Buying one of the F-Bomb Camaros certified to have appeared in The Fast & Furious 4 might be da-bomb. But when you find out today's Nice Price or Crack Pipe car is not the 1,500-hp twin turbo version, you might just drop an f-bomb of your own.
Wesley Morris, film critic for the Boston Globe, recently declared the Fast & Furious franchise to be "the most progressive force in Hollywood," due to the films' nonchalant attitude toward multiculturalism. That's all well and good, but I doubt very many of us watch these movies for their progressive political take. And neither is the acting a draw. Instead it's the cars, and today we have one that is certified to have had a supporting role in FF4.
The F-Bomb Camaro was originally built by Hot Rod magazine - because that's what they do - based on a 1973 F-body. That Hot Rod F-Bomb was recreated as Vin Diesel's ride for Fast & Furious 4, right down to the 1,500-hp twin turbo 406-cid V8. Not everything in the movies is what it seems on the screen, and just as actors have stand-ins and stunt doubles, so do many of the cars used, saving major talent for the close ups. To that end, Universal Pictures had 6 F-Bomb lookalikes constructed for the movie, although five of those were powered by less potent 300-bhp SBC crate motors. Out of those six, only three are said to survive today.
This is one of those three.
The differences between '72 and '73 Camaros are minor, incorporating different bumpers and a few other changes. Those differences that could be called out have been pretty much removed on this car. Regardless, the seller says it is registered as a 1972 not the '73 of the original F-Bomb. Along with those model year identifiers has gone a whole lot of the factory Camaro. The interior has been gutted- the flat vinyl Chevy buckets replaced with racing buckets that are Chicago pizza-worthy deep dished and sporting slots for five-point harnesses. There's a full cage and aluminum panels cover the doors and the hole where the back seat used to separate you from the trunk. Even the dash has been replaced with alloy, into which water, oil and RPM gauges have been set. Right in front of those is a Grant GT three spoke wheel, indicating that perhaps PeP Boys was the only store open when they needed to source that - or perhaps the Studio gets a bulk discount from Grant.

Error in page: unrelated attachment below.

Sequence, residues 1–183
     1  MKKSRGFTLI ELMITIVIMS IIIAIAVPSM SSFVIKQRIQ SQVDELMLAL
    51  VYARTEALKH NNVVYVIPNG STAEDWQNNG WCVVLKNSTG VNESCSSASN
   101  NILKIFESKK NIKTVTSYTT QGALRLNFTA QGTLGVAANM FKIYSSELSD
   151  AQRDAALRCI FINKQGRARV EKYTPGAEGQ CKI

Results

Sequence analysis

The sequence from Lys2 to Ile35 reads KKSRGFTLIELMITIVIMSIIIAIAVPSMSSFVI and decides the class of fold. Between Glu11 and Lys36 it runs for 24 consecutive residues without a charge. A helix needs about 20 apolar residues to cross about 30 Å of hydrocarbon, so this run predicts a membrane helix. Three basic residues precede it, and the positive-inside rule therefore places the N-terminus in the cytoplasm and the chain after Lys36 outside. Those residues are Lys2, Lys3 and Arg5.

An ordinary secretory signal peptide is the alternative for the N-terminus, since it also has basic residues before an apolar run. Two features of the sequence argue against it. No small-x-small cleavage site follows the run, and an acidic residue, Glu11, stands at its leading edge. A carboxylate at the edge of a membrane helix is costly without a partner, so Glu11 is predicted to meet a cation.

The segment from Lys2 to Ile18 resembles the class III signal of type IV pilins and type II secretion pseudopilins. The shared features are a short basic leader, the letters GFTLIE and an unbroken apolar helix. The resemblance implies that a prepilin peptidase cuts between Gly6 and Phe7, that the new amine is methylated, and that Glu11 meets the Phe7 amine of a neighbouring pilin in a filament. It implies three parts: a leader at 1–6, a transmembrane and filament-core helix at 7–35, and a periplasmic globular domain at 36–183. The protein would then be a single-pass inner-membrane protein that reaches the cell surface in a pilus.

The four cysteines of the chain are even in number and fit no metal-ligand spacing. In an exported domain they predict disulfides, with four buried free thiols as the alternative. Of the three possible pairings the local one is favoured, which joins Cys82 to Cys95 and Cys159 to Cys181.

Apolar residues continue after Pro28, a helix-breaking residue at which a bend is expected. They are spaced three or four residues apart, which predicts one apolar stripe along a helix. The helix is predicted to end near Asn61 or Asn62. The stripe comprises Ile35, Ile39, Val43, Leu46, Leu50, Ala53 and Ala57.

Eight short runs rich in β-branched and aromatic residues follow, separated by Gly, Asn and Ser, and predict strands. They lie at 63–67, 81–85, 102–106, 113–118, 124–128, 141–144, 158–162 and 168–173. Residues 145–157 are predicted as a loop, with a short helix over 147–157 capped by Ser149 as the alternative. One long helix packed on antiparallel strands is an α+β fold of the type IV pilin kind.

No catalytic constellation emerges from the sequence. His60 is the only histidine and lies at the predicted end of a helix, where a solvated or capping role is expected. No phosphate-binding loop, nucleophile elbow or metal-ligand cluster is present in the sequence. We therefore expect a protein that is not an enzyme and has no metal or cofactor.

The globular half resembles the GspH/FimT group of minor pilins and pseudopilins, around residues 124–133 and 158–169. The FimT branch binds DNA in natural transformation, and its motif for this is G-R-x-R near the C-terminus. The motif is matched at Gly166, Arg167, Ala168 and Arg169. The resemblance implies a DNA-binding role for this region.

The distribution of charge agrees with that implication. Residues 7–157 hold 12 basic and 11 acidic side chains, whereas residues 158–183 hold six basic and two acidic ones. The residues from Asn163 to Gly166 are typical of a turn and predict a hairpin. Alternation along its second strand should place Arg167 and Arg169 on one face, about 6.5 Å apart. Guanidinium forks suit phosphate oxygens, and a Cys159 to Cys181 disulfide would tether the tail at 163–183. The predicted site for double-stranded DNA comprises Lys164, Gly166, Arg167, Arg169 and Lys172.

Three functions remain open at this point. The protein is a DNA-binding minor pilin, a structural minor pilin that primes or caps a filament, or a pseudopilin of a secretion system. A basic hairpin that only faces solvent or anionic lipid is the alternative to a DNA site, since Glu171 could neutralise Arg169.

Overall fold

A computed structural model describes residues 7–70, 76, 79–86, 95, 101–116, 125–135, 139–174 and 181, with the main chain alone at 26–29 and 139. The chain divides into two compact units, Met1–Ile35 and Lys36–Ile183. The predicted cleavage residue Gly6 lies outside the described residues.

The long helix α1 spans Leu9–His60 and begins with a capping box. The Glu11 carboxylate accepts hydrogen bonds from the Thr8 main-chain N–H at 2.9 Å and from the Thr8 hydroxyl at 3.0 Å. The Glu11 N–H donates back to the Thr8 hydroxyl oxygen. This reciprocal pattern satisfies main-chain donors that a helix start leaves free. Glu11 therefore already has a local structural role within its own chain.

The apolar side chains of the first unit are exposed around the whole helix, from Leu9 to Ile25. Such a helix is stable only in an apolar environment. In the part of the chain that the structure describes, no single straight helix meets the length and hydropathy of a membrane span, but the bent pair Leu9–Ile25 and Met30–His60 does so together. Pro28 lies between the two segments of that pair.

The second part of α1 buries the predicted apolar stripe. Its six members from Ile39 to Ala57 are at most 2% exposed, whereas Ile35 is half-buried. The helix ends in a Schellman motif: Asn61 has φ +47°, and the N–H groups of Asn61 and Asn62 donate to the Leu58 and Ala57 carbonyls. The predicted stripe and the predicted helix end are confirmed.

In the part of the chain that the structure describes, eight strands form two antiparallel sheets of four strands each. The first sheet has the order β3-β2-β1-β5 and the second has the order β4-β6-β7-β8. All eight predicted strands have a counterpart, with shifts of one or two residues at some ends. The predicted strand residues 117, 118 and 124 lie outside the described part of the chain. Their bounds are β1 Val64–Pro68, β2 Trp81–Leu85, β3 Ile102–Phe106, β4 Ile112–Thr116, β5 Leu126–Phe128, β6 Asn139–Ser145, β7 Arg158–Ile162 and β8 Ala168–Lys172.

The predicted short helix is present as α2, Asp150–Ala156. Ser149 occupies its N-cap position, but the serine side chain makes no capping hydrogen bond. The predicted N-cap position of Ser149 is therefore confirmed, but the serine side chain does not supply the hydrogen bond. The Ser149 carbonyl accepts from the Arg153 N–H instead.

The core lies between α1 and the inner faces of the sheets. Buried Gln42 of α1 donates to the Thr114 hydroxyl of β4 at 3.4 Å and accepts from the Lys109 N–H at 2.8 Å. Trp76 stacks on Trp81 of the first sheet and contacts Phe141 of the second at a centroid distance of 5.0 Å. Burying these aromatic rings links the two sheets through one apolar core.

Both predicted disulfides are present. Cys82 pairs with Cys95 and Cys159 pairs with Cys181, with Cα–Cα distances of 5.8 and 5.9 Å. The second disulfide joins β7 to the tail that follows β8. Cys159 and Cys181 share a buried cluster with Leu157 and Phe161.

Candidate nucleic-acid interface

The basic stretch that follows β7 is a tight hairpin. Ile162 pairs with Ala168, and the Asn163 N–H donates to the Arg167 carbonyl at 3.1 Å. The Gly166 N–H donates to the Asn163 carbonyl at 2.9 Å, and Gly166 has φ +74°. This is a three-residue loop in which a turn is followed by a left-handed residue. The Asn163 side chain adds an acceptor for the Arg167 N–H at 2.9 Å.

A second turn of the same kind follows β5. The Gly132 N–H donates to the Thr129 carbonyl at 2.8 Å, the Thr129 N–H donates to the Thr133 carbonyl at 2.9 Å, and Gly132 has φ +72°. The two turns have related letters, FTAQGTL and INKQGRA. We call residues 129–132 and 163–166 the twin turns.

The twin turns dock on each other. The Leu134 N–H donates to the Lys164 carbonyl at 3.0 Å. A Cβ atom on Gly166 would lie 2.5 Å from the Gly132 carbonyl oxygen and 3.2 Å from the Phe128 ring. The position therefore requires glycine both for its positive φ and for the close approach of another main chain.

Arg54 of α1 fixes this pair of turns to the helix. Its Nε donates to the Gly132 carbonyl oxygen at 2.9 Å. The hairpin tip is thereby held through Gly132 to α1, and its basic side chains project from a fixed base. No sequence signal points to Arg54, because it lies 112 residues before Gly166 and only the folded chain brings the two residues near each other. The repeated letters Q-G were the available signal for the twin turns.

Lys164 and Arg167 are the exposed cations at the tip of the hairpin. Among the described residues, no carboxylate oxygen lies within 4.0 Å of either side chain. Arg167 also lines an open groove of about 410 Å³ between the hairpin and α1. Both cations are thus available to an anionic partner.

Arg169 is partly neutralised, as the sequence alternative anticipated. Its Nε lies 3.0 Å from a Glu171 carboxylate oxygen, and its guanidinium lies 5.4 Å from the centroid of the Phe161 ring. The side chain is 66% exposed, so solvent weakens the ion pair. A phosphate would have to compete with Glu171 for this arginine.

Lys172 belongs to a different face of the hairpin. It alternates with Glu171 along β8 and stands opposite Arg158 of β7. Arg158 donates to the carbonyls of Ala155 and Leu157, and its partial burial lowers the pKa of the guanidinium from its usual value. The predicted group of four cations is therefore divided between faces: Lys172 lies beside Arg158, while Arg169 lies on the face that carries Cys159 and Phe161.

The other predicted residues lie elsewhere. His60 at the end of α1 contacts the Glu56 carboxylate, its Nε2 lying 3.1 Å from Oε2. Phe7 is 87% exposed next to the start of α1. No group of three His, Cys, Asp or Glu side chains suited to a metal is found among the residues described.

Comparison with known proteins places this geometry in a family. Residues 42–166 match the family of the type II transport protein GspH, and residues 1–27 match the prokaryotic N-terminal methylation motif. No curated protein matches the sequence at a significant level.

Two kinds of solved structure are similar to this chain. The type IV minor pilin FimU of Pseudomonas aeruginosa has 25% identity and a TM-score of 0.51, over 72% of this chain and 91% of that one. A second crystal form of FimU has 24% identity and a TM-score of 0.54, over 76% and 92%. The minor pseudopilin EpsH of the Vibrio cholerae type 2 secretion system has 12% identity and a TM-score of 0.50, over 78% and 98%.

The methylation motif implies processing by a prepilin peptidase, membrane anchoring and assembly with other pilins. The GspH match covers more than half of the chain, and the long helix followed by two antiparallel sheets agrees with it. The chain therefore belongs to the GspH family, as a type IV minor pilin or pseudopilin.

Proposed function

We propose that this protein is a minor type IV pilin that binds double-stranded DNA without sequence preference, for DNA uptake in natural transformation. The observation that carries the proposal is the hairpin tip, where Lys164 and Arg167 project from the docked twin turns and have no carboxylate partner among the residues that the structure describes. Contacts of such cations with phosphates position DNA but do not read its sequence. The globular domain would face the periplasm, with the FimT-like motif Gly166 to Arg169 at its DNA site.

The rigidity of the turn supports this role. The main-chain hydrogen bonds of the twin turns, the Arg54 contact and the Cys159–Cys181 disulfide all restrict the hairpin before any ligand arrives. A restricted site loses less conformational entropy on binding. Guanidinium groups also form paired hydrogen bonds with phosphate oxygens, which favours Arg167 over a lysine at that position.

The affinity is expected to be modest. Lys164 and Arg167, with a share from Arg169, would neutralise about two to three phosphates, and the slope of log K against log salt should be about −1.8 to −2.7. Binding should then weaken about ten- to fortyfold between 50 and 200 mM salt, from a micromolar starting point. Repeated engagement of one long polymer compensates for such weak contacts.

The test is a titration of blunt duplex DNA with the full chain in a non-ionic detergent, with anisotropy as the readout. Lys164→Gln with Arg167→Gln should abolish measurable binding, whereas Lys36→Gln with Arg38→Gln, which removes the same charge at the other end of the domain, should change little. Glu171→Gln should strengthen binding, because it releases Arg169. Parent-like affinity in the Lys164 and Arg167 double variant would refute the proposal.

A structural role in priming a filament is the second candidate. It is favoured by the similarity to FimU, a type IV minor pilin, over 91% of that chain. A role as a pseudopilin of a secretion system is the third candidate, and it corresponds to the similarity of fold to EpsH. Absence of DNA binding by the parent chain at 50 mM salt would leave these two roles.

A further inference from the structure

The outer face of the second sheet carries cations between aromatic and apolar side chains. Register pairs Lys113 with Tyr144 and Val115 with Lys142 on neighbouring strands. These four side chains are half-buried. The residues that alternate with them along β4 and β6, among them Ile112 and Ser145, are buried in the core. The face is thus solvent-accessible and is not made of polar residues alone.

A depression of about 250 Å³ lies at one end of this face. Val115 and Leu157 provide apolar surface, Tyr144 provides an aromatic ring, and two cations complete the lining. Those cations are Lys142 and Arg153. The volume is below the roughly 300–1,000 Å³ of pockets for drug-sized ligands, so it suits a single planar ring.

Under the hood is the aforementioned 350 crate motor. It has a Holly 4bbl sitting atop an Edelbrock manifold and the whole thing looks kind of lost in the engine bay as the inner fenders have been removed opening up where the sun don't normally shine. Behind the 300 horses is a 4-speed manual actuated through a T-handle with a red button on its side - the function of which is beyond me. Perhaps it's just part of the props.
Outside, the F-Bomb is painted a military green with black Mickey Thompson (R.I.P.) rims and a buffet table of a spoiler off the back. A drag chute sits proud of that by a good half foot, and potentially could be deployed to cover the windshield of annoying tailgaters. The F-Bomb ‘nose art' on the front fenders replicates that of the original Hot Rod car and means picking up grandma in it will require some explaining.
This car is certified by Universal Pictures to have appeared in the FF4 movie, it's not a homage or replica. That being said, it's one of the lessor cars from that Oscar overlooked film not sporting the big gun under its hood. Based on those factors, what do you think of this seller's ‘sale price' on the Camaro of $29,888? Is that a fair price for someone to pay to have this F-Bomb star in their driveway? Or, is that too much for a stunt double?
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